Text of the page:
A research team led by the ecology department of the University of Guelph attempted to understand the decrease of lion prides in the African savanna in spite of the plentiful of prey available.
It turns out that the team, which included researchers from the University of British Columbia, the McGill University, and the Perimeter Institute for Theoretical Physics in Waterloo, Ont., discovered a previously unknown pattern that connects prey and predator species in ecosystems around the world.
Published in the journal Science, the study was co-authored by integrative biology professors Kevin McCann and John Fryxell. They found that it’s not just lions and gazelles that are part of this particular pattern, but also other organisms that the team studied, such as plankton-eating crustaceans or bigger fish swimming in the ocean.
McCann explained that a simple mathematical formula called the ‘power scaling law’ can be applied in almost all ecosystems where a predator and prey relationship is involved. The power law goes to show that top predators are always fewer than expected in prey-rich ecosystems than in prey-poor ecosystems.
More than just using their own research done on biomass found in forests, grasslands, oceans and lakes, the researchers also looked at data provided by over 1,000 previous studies that covered more than 1,500 locations across the globe.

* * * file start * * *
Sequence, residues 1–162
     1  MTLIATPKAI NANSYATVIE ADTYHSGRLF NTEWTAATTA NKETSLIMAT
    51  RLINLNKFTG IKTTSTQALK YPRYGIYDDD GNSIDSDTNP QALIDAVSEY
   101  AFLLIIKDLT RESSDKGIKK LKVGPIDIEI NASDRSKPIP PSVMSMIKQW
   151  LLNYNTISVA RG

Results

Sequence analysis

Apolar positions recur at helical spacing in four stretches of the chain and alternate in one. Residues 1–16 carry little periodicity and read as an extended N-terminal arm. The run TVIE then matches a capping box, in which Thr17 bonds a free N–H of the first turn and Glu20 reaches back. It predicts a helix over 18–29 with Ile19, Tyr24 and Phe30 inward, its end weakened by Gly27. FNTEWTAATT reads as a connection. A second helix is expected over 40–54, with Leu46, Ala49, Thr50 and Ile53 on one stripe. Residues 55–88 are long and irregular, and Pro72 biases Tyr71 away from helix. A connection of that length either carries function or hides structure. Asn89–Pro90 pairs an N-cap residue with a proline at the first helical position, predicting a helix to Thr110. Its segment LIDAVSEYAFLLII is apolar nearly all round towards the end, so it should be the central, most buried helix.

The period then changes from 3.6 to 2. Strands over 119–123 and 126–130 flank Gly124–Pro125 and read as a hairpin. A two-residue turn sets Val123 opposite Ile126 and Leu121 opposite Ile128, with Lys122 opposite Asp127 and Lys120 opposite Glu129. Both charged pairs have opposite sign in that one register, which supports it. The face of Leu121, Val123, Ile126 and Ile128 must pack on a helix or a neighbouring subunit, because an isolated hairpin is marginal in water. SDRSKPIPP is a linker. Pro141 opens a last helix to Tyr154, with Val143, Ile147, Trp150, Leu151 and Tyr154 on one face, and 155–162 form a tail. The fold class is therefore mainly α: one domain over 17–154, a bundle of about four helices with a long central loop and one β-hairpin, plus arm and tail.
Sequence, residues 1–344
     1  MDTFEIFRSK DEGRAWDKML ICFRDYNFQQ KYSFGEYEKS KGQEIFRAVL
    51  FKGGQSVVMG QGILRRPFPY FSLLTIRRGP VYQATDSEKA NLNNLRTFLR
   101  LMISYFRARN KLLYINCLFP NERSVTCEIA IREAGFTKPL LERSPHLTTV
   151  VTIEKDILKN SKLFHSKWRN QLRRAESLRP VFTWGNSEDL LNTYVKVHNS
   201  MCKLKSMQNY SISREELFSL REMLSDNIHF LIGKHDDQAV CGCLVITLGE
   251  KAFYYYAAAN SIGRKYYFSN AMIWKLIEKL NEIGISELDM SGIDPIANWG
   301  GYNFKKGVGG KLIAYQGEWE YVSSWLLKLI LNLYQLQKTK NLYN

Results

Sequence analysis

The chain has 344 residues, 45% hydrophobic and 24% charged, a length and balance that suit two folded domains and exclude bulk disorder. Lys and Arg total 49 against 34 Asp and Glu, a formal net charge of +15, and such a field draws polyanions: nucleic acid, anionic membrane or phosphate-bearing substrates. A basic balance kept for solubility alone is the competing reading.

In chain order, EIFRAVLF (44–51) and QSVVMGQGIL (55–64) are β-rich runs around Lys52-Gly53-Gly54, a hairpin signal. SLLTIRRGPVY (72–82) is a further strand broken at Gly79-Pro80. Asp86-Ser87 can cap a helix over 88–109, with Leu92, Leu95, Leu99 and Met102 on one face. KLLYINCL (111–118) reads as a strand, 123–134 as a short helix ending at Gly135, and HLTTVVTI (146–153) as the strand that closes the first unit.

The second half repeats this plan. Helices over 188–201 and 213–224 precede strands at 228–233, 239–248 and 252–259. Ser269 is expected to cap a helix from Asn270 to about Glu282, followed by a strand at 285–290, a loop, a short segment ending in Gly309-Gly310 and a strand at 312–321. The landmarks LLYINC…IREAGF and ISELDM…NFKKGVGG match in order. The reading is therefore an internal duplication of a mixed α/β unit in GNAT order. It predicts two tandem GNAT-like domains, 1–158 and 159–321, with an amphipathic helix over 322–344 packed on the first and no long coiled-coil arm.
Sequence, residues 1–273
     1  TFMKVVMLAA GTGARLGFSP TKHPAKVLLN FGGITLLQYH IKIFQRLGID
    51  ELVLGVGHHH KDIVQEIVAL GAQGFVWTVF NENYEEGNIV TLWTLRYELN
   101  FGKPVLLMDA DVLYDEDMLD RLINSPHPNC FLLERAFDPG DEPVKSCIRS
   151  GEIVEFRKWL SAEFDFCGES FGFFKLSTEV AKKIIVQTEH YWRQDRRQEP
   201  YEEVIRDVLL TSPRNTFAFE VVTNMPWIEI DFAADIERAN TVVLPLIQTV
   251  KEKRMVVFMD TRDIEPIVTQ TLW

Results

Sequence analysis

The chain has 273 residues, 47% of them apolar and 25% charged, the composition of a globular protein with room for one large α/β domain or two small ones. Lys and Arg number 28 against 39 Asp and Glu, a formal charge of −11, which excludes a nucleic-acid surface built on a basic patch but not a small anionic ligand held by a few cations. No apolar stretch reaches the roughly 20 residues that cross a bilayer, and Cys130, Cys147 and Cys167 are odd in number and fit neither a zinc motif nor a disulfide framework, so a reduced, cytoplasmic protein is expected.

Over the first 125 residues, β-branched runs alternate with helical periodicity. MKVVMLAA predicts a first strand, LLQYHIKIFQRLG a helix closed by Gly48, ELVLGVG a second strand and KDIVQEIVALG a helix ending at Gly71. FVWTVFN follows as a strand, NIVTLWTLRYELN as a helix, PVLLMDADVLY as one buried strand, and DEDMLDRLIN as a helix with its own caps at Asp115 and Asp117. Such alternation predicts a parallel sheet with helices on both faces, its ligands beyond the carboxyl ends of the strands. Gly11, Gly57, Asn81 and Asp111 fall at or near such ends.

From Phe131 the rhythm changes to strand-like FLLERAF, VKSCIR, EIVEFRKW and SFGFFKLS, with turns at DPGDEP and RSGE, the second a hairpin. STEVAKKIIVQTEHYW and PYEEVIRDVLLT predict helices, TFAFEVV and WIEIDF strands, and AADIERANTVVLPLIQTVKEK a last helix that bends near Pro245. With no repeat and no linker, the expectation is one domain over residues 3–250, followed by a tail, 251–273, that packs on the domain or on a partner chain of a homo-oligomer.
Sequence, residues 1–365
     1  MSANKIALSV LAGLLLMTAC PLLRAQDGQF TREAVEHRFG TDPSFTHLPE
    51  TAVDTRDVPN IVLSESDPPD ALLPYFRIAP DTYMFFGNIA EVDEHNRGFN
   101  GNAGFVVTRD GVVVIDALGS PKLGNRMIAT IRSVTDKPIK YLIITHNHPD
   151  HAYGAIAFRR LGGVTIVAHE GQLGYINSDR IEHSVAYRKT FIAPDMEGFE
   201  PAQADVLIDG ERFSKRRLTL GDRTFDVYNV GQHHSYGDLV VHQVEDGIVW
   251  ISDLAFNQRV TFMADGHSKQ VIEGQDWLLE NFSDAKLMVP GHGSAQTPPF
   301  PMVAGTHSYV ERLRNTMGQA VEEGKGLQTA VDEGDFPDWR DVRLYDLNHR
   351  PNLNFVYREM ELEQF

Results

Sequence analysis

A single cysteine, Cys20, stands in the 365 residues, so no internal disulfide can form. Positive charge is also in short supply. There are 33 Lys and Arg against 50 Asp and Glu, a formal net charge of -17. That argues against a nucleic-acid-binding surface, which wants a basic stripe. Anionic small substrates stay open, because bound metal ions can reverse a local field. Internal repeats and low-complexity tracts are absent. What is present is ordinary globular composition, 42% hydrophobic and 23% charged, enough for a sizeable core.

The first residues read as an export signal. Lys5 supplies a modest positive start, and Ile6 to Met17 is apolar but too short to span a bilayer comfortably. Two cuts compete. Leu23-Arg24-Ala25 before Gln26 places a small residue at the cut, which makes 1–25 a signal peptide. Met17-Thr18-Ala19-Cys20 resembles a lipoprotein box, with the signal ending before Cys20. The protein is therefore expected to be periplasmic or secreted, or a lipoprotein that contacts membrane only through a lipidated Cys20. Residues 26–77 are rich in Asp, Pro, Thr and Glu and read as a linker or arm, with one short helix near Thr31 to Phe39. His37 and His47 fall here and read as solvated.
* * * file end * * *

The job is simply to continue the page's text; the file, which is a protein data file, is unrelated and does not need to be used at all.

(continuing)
To everyone’s surprise, the amazing pattern was found over and over again, in all ecosystems analyzed; the same predator-prey ratios kept astonishing researchers, said McCann. Fryxell added that they expected to see an increase in the biomass of predators in the ecosystems rich in prey species.
However, that was not the case; what happened each time was that productive grassland always resulted in a dramatic fall in the ratio of predators to prey. It made no sense – and it still doesn’t – that the most productive systems would report the greatest decreases in predator success.
Biologists are still working to find an answer to this wildlife enigma: why are lions leaving so much food on the savanna’s table when the ecosystem is simply teeming with prey? One of the possible theories provided by Fryxell says that prey species tend to reproduce at a slower rate when the ecosystem is abundant in species.
Image Source: Telegraph.co.uk